Facilitate Coaching and Mentoring
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Facilitate coaching and mentoring in health and social care or children and young people’s settings. When working in a care a setting it is important that I carry out professional supervision. During the induction process as part of them management team I will talked to the team about the purpose of supervision and why it takes place. During the first six months of employment at Genus care, carer’s are on probation and will be supervised twice during each month. I do this as part of the company policy and in order to fully support the individual needs and development of the new team member. After this period has passed supervisions go to once a month and continue throughout the rest of their employment. During supervision as part of the management team it is part of my role to develop relationships and environments that enable the team to work together and respond to change. The aim for me is to achieve and get the best results from my team by having common goals, common values, the right structures, and continuing training and development.
The focus of supervision is to monitor work with individual service users, support and professional guidance and to identify training and development needs of individual team members. The purpose of supervision is often looked at as a legal requirement set out by legislation and a negative thing which takes place within companies. The national minimum standards, Standard 27 Supervision and Support states that Service users benefit from well supported and supervised staff. It is the responsibility of management team and myself that ensures that all staff receive the support and supervision they need to carry out their jobs. I attended training to be able to supervise my team. The team have regular, recorded supervision meetings at least once every month with either myself or another senior/manager in addition to regular contact on day to day practice. Also the team have an annual appraisal with the house manager to review performance against job description and agree career development plans.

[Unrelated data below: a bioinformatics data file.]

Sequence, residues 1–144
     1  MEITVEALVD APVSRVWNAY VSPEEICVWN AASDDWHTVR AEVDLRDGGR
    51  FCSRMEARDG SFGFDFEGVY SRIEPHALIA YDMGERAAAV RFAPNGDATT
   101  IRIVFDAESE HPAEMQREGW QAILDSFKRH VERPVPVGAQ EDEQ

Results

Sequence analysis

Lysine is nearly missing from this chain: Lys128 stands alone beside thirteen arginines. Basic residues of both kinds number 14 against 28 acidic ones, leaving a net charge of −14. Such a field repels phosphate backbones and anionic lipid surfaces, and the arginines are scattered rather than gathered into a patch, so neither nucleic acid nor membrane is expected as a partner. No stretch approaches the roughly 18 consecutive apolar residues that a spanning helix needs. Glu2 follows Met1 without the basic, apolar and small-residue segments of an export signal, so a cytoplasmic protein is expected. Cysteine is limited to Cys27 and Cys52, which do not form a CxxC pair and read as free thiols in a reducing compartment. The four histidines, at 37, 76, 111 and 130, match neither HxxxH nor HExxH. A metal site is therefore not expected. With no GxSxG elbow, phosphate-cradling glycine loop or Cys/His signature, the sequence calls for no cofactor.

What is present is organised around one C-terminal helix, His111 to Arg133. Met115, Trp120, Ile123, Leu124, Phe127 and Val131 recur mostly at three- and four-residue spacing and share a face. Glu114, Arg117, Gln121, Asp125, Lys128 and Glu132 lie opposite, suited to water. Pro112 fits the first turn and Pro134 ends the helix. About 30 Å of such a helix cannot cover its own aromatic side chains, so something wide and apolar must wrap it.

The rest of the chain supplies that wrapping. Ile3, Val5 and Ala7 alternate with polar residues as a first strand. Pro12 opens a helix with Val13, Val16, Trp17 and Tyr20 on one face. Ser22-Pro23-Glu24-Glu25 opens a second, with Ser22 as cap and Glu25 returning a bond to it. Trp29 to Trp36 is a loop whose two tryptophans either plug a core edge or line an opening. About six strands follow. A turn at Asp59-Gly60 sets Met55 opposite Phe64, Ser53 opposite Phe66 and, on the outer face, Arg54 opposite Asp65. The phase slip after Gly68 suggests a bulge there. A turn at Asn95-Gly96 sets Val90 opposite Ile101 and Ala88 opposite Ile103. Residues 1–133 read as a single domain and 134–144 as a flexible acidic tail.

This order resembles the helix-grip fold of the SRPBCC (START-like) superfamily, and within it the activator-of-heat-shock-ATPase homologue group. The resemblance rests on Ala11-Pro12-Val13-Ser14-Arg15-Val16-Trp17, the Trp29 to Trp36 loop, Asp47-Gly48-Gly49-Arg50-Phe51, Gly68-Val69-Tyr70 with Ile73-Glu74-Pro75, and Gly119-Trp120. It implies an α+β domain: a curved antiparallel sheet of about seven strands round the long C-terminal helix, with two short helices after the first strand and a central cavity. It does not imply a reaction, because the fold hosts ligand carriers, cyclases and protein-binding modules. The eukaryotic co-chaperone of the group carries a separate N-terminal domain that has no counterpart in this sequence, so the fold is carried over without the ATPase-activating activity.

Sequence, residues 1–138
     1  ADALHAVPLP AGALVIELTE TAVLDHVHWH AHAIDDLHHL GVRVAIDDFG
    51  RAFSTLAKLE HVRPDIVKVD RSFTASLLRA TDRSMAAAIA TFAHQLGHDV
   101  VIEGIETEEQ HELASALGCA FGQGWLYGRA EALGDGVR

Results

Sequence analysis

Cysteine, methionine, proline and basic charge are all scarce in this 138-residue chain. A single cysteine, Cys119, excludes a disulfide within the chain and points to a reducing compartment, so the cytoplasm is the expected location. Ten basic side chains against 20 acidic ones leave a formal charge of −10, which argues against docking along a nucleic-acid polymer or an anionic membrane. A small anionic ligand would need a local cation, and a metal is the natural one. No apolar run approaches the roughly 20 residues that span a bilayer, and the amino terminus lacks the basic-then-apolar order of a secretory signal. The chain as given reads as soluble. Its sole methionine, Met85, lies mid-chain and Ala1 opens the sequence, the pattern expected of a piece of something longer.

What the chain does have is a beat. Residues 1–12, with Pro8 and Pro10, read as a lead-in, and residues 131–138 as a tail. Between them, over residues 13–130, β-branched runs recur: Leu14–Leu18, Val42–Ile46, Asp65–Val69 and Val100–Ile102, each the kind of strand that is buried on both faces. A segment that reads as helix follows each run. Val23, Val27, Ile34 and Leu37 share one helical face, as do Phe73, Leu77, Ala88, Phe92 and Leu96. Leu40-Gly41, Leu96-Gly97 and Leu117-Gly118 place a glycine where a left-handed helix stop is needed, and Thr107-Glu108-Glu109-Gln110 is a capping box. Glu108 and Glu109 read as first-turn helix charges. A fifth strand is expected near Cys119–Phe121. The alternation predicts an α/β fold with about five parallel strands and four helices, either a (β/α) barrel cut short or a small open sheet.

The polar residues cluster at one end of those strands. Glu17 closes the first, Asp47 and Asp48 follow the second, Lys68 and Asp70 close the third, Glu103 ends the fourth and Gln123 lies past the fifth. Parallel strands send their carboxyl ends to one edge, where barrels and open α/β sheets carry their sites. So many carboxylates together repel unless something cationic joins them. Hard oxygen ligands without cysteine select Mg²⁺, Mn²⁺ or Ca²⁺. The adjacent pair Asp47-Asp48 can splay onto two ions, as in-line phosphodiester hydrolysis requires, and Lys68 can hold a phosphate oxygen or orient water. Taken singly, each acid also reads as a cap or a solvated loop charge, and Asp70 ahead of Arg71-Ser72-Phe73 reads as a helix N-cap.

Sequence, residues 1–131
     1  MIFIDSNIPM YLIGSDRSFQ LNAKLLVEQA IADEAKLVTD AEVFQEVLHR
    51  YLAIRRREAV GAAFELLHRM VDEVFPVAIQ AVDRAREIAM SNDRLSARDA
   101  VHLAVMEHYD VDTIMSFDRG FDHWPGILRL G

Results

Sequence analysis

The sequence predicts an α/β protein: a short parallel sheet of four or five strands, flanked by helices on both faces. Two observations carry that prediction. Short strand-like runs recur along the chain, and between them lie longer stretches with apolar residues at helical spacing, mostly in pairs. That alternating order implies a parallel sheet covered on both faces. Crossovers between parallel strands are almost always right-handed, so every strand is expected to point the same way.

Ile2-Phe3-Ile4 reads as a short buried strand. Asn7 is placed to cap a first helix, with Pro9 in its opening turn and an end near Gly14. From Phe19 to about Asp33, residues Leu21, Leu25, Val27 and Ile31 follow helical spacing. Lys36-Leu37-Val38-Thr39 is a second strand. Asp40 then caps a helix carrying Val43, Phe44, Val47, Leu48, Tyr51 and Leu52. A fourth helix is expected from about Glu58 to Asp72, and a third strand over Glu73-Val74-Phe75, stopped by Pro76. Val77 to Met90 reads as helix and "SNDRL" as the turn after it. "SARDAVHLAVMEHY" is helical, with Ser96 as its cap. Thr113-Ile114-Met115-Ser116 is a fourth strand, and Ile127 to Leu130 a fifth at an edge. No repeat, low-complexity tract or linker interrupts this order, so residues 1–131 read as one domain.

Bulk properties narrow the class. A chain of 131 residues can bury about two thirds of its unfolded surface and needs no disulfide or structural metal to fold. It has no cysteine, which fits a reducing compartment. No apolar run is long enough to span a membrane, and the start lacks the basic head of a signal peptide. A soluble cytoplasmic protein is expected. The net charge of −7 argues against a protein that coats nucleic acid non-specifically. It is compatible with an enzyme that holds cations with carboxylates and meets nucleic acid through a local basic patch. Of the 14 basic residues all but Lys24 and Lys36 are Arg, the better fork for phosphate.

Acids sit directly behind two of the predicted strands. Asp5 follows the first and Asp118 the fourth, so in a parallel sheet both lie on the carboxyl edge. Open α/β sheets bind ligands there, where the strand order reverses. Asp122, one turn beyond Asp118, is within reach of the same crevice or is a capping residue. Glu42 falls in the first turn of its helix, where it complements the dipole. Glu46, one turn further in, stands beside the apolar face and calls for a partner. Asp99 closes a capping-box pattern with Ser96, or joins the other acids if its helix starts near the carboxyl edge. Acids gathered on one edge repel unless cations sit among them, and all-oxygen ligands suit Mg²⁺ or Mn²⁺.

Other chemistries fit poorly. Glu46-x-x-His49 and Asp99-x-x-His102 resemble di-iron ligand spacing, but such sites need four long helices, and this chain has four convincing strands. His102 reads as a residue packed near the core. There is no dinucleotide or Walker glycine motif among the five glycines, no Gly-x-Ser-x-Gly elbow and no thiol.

Kadushin’s model of supervision talks about the work of John Dawson (1926) who draws on three types of supervision types firstly the Administrative- this is the promotion and maintenance of good standards of work, co-ordination of practice with policies of administration, the assurance of an efficient and smooth-running shift. Educational – the educational development of each individual worker which draws out the strengths they have to offer and encourages them to use and realise them when working on shift with others. Supportive – the maintenance of healthy supportive working relationships, and getting along with other colleagues to achieve the best possible results. The Performance Management Cycle is a management strategy that helps to correctly and professionally supervise individuals. It considers interaction with employees when they first join the company as well as including ways to keep staff motivated, developed and invested in the company.
The management cycle is designed to help employees reach their full potential at work: Goal setting At the start of the review period, the manager should take the time to set SMART goals with employee. These must be Specific, Measureable, Achievable, Relevant and Time-framed. Learning there should be lots of opportunities for employees to learn over the review period. Learning can take place in many ways, not just through offsite training courses. Employee Development Discussion about short term and long term career plans with employees, so that the company can invest now for the future. Not all employees want to get on the career ladder, but most would appreciate some form of change to keep them motivated and challenged.
Feedback Employees often wish to receive feedback about their performance. Look out for opportunities to give positive feedback. Meet with your employee on a regular basis to talk about how they are getting on and ask if anything is bothering them.
Coaching involves an employee being supported by his/her manager to clarify and achieve a specific goal. The employee owns the process so coaching can only occur when the employee is willing to participate.